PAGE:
It’s not Rocket Science
Unlike most rockets, it didn’t take the combined brain power of a team of Nasa geniuses, millions of dollars, and what felt like almost as many years, to build the MB&F Destination Moon. The machine also wouldn’t survive a trip to the moon, despite indications given otherwise by its name. What it did take, however, was a sleepless weekend in the life of one Nicolas Bringuet, a movement designer at Swiss clockmaker L’Epee and self-confessed sci-fi rocket enthusiast. And what the creation is made to survive, is the rigours of its owner’s active imagination.
The result of Bringuet’s abovementioned sleepless weekend was a table clock movement with an eight-day power reserve inspired by rockets. It has a distinctive vertical architecture, powered from below (just like rockets are) by an oversized winding crown and topped with a time-setting knob. Time telling is achieved by two discs, with the one marked with the hours laid above the one giving the minutes. A rod connects the movement to the winding crown and transfers power between the two. L’Epee brought the design to long-time collaborator MB&F, proposing that a rocket’s body be built around the movement.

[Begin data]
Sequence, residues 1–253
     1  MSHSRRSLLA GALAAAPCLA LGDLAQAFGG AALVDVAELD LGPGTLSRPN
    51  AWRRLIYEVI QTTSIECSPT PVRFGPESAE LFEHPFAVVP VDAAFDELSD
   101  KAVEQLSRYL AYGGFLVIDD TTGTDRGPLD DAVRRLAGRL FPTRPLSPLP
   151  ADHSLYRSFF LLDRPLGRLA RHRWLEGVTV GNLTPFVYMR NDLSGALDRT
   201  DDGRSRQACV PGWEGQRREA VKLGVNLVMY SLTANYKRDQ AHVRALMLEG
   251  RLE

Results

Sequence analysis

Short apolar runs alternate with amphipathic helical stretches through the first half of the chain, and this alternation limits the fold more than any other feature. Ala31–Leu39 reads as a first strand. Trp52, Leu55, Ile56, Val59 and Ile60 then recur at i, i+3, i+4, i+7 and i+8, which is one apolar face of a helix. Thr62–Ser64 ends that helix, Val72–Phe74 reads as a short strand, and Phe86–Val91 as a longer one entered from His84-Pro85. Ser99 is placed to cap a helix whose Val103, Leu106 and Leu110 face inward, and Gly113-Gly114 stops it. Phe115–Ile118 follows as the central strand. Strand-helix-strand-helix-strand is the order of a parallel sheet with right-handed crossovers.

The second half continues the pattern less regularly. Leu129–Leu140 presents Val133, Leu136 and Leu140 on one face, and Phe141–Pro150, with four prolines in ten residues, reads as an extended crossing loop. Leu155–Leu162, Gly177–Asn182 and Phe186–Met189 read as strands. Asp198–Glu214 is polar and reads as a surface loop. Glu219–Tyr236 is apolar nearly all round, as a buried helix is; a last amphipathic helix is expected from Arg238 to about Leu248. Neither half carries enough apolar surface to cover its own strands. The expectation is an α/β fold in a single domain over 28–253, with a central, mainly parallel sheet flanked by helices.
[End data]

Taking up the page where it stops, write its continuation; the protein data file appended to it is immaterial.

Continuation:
True to the firm’s penchant for playful design and nostalgia, MB&F put perforations in the movement plates so they resemble the components of Meccano building toys, turned the connecting rod between the crown and movement into a ladder, and to complete the rocket, elevated it all on three landing pods, which together, do double duty as a heavy base that ensures the creation will stand steadfast on any desk.
As a final touch to the MB&F Destination Moon, Neil, the solid silver and stainless steel astronaut was put in command of the rocket. Dressed in a 1960’s-style space suit and attached by a magnet to any part of the “ladder", he is prepared to be the willing sidekick in any man-child’s imagination, whether it is back to childhood’s carefree role-playing space adventures, or futuristic missions to infinity and beyond.